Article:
Portion Problems

Between the mid 1970’s and late 1990’s, Americans increased their consumption of salty snacks like chips, pretzels and popcorn by an average of 80 calories a sitting. Dessert intake at home went up by an average of 22 calories a sitting, while calories from home-eaten hamburgers and cheeseburgers rose by roughly 150 to 200. Why the shift? It appears people are learning what a portion size is from fast food chains and other places, where it is well known that meals have been getting larger and larger over the decades.

Restaurant and takeout portion sizes have been growing because food has become one of the least expensive aspects of running a food service establishment. Once you’ve got your overhead in place in terms of rent and salaries and such, serving more food to entice people with value for their money is a cheap way to expand business.

But the “translations” from portions served outside to portions served at home only add to Americans’ expanding waistlines. It can be very insidious. For example, it takes only about a half ounce of a salty snack to get the 80 extra calories that people are now consuming. That is hard to eyeball without being very familiar with how different an ounce looks from an ounce and a half. Still, 80 calories a day adds up to eight extra pounds over the course of a year.

To make matters worse, current guidelines for cooking in the home actually instruct people to eat more than they used to; it is not just a matter of what they learn by osmosis outside. Certain standard, decades-old recipes still yield the exact same amount of a dish they did years ago – but now serve fewer people with larger portions. For instance, the batter for Nestle’s Toll House cookies currently makes about 60 cookies, as opposed to 100 smaller ones as it was written back in 1949.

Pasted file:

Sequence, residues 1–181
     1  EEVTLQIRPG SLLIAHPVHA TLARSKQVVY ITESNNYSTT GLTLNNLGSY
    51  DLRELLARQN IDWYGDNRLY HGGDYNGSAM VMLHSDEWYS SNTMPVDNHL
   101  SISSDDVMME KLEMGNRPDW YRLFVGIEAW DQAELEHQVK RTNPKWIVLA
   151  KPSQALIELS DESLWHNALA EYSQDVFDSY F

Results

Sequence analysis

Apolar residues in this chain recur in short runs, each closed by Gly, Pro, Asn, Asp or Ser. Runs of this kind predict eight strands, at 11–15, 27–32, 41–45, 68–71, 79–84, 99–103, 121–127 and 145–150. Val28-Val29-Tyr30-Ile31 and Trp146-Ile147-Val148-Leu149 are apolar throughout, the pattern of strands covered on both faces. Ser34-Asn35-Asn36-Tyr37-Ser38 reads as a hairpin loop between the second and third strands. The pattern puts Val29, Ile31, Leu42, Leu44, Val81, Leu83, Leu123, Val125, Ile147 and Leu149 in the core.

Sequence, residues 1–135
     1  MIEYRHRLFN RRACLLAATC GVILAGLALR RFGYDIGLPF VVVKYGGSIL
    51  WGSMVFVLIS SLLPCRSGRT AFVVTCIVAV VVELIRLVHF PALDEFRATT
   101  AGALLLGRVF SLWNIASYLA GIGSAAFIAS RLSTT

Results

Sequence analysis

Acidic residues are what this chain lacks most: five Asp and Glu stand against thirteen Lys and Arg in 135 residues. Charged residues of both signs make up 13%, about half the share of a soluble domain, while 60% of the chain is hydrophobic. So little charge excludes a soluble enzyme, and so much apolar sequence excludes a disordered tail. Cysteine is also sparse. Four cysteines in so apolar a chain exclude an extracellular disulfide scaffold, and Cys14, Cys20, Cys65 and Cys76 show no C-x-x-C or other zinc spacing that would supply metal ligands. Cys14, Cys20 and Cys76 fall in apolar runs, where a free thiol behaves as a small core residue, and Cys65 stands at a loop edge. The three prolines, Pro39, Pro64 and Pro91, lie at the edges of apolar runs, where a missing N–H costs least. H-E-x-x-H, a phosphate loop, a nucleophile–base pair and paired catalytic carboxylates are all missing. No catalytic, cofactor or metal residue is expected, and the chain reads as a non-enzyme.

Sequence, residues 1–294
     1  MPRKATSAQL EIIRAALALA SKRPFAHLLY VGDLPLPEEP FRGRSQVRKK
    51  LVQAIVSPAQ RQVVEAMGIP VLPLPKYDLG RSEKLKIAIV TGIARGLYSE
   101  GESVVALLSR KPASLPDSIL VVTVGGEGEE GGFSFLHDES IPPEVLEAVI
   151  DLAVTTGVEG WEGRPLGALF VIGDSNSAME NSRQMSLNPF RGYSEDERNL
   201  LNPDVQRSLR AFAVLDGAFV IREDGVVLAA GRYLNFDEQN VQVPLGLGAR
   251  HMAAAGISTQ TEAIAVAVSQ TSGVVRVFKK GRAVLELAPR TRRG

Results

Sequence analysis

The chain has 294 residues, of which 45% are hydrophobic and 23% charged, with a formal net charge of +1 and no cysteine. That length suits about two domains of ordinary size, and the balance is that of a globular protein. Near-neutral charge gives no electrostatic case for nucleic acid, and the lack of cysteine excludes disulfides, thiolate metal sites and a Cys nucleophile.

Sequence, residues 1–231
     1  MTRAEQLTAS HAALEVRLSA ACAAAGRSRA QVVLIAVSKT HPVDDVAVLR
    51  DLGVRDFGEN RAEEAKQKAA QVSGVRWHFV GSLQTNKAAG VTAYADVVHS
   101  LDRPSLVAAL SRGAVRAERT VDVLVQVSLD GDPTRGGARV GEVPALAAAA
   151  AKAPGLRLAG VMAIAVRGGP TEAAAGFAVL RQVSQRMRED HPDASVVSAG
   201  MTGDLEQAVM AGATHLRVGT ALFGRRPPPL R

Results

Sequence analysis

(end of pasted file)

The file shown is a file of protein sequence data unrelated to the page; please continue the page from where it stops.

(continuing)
The solution to this problem is in your hands – there is something you can do about this at-home super sizing. Use a set of measuring cups and spoons for a few days, and invest in a $10 food scale. You might be amazed to find that the serving of pasta you put on your plate is not 1-cup at 210 calories, but 2-cups at 420 calories. Or that 2-tablespoons of salad dressing, which can contain up to 140 calories if it’s creamy, pours out faster than you realize. Another thing that may surprise you, is what you’ll see if you place a chicken breast r piece of steak on a food scale. The 3 ounces deemed a portion by the Department of Agriculture might surprise you. It is easy to assume your portion of meat is the size of a deck of cards; a food scale might very well show you that you’re playing with considerably more than a full deck.

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Source: Tufts University

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